Washington is home to arguably the most policy-changing ballot initiatives this year than any other state. Who else is voting on privatizing labor insurance and liquor, or repealing candy and bottled water taxes while also looking at an income tax?
I wanted to give readers here at the crime and justice blog an idea of some of the initiatives I’ll be watching in other states as the results come in tonight:
Here’s the others around the country I’ll be watching:
Proposition 19 (California): would legalize and tax marijuana, which would open up a wider legal civil war between states and the federal government, which still classifies weed as a Schedule I drug;
California also has two initiatives that simultaneously would a) let an independent commission redraw congressional districts when necessary and b) abolish that same commission from doing its current work (redrawing state legislative districts).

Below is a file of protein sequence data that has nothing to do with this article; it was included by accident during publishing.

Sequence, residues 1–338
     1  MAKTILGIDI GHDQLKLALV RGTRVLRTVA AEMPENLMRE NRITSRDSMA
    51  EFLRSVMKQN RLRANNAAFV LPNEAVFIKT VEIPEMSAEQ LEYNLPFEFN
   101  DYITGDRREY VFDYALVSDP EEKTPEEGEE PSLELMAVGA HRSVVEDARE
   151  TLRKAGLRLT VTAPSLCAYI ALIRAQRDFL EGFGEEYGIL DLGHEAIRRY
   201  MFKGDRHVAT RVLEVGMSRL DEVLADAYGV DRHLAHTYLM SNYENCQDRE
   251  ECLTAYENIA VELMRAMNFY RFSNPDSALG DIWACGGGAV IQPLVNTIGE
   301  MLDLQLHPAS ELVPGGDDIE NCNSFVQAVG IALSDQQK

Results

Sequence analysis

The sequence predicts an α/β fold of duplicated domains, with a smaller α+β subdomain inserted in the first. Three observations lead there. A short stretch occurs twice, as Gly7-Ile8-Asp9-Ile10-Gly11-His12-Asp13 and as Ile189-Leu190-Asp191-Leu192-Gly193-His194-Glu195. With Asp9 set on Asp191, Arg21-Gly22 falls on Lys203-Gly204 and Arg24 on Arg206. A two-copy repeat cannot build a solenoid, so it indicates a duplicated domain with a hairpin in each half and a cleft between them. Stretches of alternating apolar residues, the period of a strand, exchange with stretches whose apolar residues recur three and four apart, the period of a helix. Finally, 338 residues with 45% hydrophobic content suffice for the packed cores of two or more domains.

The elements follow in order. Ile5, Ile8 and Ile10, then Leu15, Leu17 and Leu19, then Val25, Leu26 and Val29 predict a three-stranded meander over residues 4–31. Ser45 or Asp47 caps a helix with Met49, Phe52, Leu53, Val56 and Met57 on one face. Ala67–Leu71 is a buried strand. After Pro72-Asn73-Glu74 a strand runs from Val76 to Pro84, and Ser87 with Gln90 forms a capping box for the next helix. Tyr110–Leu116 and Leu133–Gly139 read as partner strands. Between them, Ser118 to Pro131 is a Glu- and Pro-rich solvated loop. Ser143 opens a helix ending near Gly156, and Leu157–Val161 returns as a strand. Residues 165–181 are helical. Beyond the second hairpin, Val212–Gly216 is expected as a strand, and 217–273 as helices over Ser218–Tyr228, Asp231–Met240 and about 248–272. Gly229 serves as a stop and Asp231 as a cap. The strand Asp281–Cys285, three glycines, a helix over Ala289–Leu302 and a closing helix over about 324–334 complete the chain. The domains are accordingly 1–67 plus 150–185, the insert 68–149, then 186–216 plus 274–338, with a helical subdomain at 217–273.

California also has a chance to repeal its requirement that both their own house and senate must pass a budget by a super-majority. Only three states do this.
Finally, in California, there’s an initiative to repeal the legislature and Governor Arnold Schwarzenegger’s so-called cap and trade program to bring California’s carbon emissions to 1990 levels by 2020. The initiative would restrict that law unless unemployment got below 5.5 percent (it’s at 12% right now).
Massachusetts’ question 3 would have that state’s sales tax from 6.25 to 3 percent.
Ballot measure 74 (Ore.) would greatly expand the ability of state’s residents to form dispensaries to sell medical marijuana to qualifying patients, and the state to regulate them.
And finally, there is Oklahoma, with a barrage of initiatives, including: making English the “unifying” language of the state, requiring voters to show their immigration papers, mandating spending a certain percentage of the state budget on education, and, especially of note:
Question 755: banning the use in the courts of Islamic Sharia law– in a state with only 15,000 Muslims.